Starting to build--advice on audio/video set up--)what to expect

heather_in_mnOctober 11, 2009

Hi All,

We are hoping to break ground this week in St. Paul, MN(waiting on city permits....) on our new, contemporary home. We would like to have an audio/video set-up in the mid range, but are not sure what to expect. The GC has an AV guy he works with so I'm sure we'll be chatting with him, but I want to make sure I am prepared.

House is one level,open floor plan, with walk-out patio.

Here's what I'm hoping to do:

Audio speakers in kitchen/living/dining room/deck (zone 1), speakers in home gym in basement and outdoor patio area (zone 2). I would like to have volume controls for outdoor area, gym and living area if possible, but only one main control for living area and one for lower level.

Video distribution for living room, master bedroom, gym tv, and lower level family room. My dream is to be able to go to any of these areas, turn on the tv and chose to watch a dvd, cable or TIVO, so all this would come from one main media source in the lower level.

At some point we will have a surround sound setup in the family room, but will not purchase that yet.

We have a media closet designated in our house plans and to start with we will probably run the audio wires and possibly the speakers, and for the video runs and the surround system, running smurf tubes for future runs.

Does this sound like a good plan or something that is crazy? We don't need super high end, but since this will hopefully be our first and last build, we don't want to go cheap. We're willing to wait to complete the set up but want to have tubes put in for future installation.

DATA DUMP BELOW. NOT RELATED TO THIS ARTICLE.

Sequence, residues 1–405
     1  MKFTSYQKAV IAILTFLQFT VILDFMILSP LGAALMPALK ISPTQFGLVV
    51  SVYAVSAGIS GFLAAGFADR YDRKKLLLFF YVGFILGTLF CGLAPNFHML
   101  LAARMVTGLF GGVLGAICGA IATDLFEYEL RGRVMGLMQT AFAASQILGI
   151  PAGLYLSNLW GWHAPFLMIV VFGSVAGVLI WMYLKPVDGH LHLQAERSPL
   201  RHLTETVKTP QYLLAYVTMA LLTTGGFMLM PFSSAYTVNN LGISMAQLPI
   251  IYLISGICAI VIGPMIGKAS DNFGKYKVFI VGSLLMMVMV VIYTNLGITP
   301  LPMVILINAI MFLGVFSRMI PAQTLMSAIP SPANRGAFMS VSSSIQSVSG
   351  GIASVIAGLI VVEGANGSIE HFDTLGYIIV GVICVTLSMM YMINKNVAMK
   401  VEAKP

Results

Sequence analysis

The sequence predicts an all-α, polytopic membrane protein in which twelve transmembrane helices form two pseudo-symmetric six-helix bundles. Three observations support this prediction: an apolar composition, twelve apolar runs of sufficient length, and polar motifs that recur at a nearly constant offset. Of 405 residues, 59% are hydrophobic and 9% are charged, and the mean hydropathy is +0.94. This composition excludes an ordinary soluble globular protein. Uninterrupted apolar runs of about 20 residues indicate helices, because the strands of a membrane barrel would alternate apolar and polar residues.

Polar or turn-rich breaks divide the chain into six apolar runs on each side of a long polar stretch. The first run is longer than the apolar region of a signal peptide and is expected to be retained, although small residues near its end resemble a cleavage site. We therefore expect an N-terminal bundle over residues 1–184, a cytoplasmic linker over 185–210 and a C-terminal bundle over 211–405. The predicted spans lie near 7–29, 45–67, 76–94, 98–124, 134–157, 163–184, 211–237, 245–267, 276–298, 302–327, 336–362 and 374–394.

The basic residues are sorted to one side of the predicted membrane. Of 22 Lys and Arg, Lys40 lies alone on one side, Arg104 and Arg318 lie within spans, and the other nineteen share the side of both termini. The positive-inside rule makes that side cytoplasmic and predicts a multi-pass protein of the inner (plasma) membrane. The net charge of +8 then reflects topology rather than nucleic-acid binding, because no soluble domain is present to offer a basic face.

Any help/ideas is greatly appreciated :)

Heather in MN

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Sounds good to me. When we built our house, we weren't looking for an elaborate set-up either. We have an A/V closet under our stairs, which houses all the components. We put surround sound in the living room, we have 2 stereo speakers on the back porch and one stereo speaker in the master bath. We have a volume control for the porch and bath, and the LR volume is controlled through the surround speakers. We have a really cool remote control with LCD display that controls everything in the media closet (there is a remote receiver mounted under the TV -- very discreetly -- and it sends the signals to all the components). You can definitely do what you want, it just depends on how much money you want to spend.

    Bookmark   October 20, 2009 at 12:34PM
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A few basic thoughts

1. Stay away from BOSE , the most over priced hyped product on the market. For what they cost and the lack of quality you can buy hand built speakers .I'm a big fan of the products from . Beautiful sound , great build quality , super friendly company and very reasonable pricing .

2. Take a look at the Sonos products for multi room sound. it works off the your music you have stored on your computer.You will wonder how you lived without it.